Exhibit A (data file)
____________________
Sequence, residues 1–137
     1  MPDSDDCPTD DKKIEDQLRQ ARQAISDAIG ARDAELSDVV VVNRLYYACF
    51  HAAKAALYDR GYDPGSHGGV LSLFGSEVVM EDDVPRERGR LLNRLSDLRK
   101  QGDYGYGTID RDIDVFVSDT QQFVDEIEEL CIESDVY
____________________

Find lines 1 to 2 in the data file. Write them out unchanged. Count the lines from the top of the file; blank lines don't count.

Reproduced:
Sequence, residues 1–137
     1  MPDSDDCPTD DKKIEDQLRQ ARQAISDAIG ARDAELSDVV VVNRLYYACF